Although the three treatment groups did not differ significantly at pretest on either the Physical Self-Maintenance Scale (F(2,60) = .48, p = .62) or the Performance Test of Activities of Daily Living (F(2,60) = .02, p = .98), inspection of the pretest means indicated that the individuals in the skill training group on average began treatment at a lower level of functional ability than did the stimulation or control groups. In order to control for these differences, an analysis of covariance (ANCOVA) was performed with pretest scores as the covariate. With the effect of the pretest scores removed, the effect of treatment on the Physical Self-Maintenance Scale was significant F(3,59) = 3.17, p = .04. The group receiving skill training showed an increase in mean score the equivalent of a full step (from major to moderate or from moderate to minor assistance, for example) increase on three of the eight items on this scale. The stimulation group had a smaller gain in mean score and the control group experienced a similar decline in (heir average score (see Table 1). Comparisons of the adjusted posttest means indicated a significant difference between the skill training (M = 26.17) and control group (M = 22.63), t(20) = 2.49, p = .01. The stimulation group (M = 24.10) did not differ significantly from the other two groups.
No significant effect of treatment over time was found on the Performance Test of Activities of Daily Living F(3,59) = 2.16, p = .12. However, the same pattern of increase for the skill training group, a smaller increase for the stimulation group and decline for the control group was found upon inspection of the means at pretest and posttest.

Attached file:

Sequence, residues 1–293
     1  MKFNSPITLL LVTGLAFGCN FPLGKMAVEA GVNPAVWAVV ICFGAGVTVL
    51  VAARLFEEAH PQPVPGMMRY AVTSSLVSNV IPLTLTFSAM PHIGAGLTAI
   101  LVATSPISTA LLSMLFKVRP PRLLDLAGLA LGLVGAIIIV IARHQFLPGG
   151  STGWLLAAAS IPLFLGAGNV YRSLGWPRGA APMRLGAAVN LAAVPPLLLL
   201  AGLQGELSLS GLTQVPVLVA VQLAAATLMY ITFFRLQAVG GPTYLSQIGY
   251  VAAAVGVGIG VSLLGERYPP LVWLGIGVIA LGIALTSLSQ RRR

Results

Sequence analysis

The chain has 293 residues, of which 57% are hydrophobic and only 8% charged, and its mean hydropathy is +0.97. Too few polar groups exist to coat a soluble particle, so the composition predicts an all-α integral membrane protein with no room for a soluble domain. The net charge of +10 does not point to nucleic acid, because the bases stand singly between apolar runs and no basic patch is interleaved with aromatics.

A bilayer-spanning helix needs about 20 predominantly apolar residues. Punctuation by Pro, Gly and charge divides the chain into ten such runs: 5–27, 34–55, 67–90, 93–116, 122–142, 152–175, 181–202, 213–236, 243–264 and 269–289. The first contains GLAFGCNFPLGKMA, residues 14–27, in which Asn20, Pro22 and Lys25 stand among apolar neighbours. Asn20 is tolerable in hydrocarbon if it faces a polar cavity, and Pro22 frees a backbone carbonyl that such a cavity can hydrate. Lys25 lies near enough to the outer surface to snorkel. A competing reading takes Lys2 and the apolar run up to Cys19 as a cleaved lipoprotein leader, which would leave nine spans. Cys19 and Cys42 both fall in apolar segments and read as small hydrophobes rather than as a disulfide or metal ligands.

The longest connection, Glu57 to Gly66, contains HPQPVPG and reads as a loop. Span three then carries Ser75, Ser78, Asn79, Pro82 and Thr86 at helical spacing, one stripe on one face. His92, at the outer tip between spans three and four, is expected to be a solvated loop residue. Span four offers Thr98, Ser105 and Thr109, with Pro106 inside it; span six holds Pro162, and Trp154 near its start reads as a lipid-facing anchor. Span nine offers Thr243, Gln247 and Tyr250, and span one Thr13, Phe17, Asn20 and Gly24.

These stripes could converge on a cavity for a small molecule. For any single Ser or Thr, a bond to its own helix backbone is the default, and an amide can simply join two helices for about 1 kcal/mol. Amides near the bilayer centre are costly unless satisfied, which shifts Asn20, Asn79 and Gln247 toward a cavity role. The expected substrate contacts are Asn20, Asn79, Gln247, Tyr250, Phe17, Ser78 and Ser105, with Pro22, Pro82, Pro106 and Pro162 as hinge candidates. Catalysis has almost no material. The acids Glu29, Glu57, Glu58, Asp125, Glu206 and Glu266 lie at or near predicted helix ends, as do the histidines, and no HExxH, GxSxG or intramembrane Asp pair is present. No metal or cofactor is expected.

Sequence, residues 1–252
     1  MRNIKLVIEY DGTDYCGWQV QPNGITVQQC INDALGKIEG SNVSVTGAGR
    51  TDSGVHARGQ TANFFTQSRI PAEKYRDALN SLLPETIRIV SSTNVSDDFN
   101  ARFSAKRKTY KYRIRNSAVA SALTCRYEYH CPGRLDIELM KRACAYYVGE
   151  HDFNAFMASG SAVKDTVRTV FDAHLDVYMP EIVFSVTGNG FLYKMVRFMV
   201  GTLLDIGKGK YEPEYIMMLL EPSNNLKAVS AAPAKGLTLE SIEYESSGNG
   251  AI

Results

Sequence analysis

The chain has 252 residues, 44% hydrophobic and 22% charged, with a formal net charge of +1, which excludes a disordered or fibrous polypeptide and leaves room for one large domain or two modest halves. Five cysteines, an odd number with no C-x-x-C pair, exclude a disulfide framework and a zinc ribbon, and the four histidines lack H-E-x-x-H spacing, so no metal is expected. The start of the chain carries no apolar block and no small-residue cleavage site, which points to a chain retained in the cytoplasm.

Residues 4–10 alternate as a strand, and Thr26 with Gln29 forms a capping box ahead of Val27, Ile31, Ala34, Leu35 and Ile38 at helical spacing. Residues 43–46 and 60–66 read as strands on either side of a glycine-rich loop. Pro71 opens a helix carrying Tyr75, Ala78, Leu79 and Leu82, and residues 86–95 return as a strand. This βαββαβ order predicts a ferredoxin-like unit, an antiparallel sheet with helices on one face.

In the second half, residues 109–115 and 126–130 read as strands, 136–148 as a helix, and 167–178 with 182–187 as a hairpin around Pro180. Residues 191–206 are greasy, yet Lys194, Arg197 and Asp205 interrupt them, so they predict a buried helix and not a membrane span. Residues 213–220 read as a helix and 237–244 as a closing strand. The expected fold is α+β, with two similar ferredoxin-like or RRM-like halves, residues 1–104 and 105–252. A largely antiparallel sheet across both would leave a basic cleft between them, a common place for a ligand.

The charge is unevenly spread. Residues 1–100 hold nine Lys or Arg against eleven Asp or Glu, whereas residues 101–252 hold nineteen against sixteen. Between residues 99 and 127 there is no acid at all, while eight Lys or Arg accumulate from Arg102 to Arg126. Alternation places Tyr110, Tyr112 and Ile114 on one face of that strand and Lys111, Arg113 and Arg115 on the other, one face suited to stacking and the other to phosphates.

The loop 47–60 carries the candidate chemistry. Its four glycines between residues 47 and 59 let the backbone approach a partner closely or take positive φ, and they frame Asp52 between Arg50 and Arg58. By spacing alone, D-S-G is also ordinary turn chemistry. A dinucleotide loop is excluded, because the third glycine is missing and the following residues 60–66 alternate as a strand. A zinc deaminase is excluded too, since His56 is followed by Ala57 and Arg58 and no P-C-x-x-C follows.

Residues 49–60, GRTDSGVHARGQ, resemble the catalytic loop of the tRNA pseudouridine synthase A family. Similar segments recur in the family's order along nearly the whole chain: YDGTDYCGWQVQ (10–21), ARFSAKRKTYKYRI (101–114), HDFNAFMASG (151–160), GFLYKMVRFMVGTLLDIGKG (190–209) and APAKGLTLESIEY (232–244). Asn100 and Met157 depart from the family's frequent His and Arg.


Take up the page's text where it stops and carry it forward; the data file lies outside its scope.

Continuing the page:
At posttest, each subject’s progress toward meeting the goals set at pretest was rated on a 4-point scale from 0 (decline) to 3 (great improvement). Total score for goal attainment was the mean of the five goal achievement ratings. Analysis of variance comparing the means for the three groups indicated a significant difference between the groups F(2,57) = 6.79, p = .0023. Again, the skill training group had the highest mean at posttest followed by the stimulation group and the control group. A Tukey multiple comparison procedure, which controls for Type I experimentwise error, was performed following the significant ANOVA. There was a significant difference in goal attainment of the skill training group over the control group at p = .05. The stimulation group did not differ significantly from the other two treatment groups.
On the whole, the results of this study lend further support to the idea that people with advanced dementia can be helped and that functional skill training may be more effective than traditional approaches. The weaker and statistically nonsignificant changes seen in the stimulation group were consistent with the hypothesis that this group would maintain its pretest functional level. It also was generally in line with the results of the many previous studies that tested similar approaches with mixed results.
From a theoretical perspective, the improvement in function in the skill training group lends support to the concept of excess disability. As it is extremely unlikely that any behavioral treatment would reverse the processes of the disease itself, the improvement seems to suggest the existence of more functional impairment in untreated individuals than is necessary given the progression of the disease.